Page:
Bisdemethoxycurcumin exerts pro-apoptotic effects in human pancreatic adenocarcinoma cells through mitochondrial dysfunction and a GRP78-dependent pathway
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Haopeng Yang1,2, Shengjun Fan1,2, Yu An1,2, Xin Wang2, Yan Pan1,2, Yilixiati Xiaokaiti1,2, Jianhui Duan1,2, Xin Li1,2, Lu Tie1,2, Min Ye1,3, Xuejun Li1,2
1State Key Laboratory of Natural and Biomimetic Drugs, Department of Pharmacology, School of Basic Medical Sciences, Peking University, Beijing 100191, China
2Beijing Key Laboratory of Tumor Systems Biology, Peking University, Beijing 100191, China
3Department of Natural Medicines, School of Pharmaceutical Sciences, Peking University, Beijing 100191, China
Xuejun Li, email: firstname.lastname@example.org
Keywords: bisdemethoxycurcumin, gemcitabine, pancreatic cancer, apoptosis, proteomics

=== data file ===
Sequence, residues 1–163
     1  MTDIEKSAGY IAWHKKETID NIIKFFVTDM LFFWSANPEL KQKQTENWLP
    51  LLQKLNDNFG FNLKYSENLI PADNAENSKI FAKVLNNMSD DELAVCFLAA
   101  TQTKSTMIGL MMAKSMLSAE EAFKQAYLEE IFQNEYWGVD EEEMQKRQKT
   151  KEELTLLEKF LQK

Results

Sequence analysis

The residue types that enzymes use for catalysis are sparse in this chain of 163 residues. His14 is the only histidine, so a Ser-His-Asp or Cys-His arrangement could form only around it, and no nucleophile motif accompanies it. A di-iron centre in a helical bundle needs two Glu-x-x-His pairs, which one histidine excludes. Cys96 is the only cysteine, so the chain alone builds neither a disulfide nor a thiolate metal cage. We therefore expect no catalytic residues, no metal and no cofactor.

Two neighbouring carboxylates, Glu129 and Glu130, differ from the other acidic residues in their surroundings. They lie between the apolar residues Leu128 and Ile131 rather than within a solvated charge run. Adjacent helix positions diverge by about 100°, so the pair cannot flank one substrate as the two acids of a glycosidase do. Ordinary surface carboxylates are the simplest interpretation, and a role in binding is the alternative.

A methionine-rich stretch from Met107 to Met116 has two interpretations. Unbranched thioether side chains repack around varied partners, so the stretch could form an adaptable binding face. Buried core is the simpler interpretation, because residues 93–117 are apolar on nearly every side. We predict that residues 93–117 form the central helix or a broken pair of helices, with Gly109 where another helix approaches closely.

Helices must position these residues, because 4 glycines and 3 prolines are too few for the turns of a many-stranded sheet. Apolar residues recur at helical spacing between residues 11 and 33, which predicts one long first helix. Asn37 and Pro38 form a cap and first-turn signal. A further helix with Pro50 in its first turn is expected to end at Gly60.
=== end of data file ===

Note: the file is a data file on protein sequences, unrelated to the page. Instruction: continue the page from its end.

Received: July 02, 2016 Accepted: October 14, 2016 Published: November 10, 2016
Pancreatic cancer is a highly aggressive malignancy, which is intrinsically resistant to current chemotherapies. Herein, we investigate whether bisdemethoxycurcumin (BDMC), a derivative of curcumin, potentiates gemcitabine in human pancreatic cancer cells. The result suggests that BDMC sensitizes gemcitabine by inducing mitochondrial dysfunctions and apoptosis in PANC-1 and MiaPaCa-2 pancreatic cancer cells. Utilizing two-dimensional gel electrophoresis and mass spectrometry, we identify 13 essential proteins with significantly altered expressions in response to gemcitabine alone or combined with BDMC. Protein-protein interaction network analysis pinpoints glucose-regulated protein 78 (GRP78) as the key hub activated by BDMC. We then reveal that BDMC upregulates GRP78 and facilitates apoptosis through eIF2α/CHOP pathway. Moreover, DJ-1 and prohibitin, two identified markers of chemoresistance, are increased by gemcitabine in PANC-1 cells. This could be meaningfully reversed by BDMC, suggesting that BDMC partially offsets the chemoresistance induced by gemcitabine. In summary, these findings show that BDMC promotes apoptosis through a GRP78-dependent pathway and mitochondrial dysfunctions, and potentiates the antitumor effect of gemcitabine in human pancreatic cancer cells.
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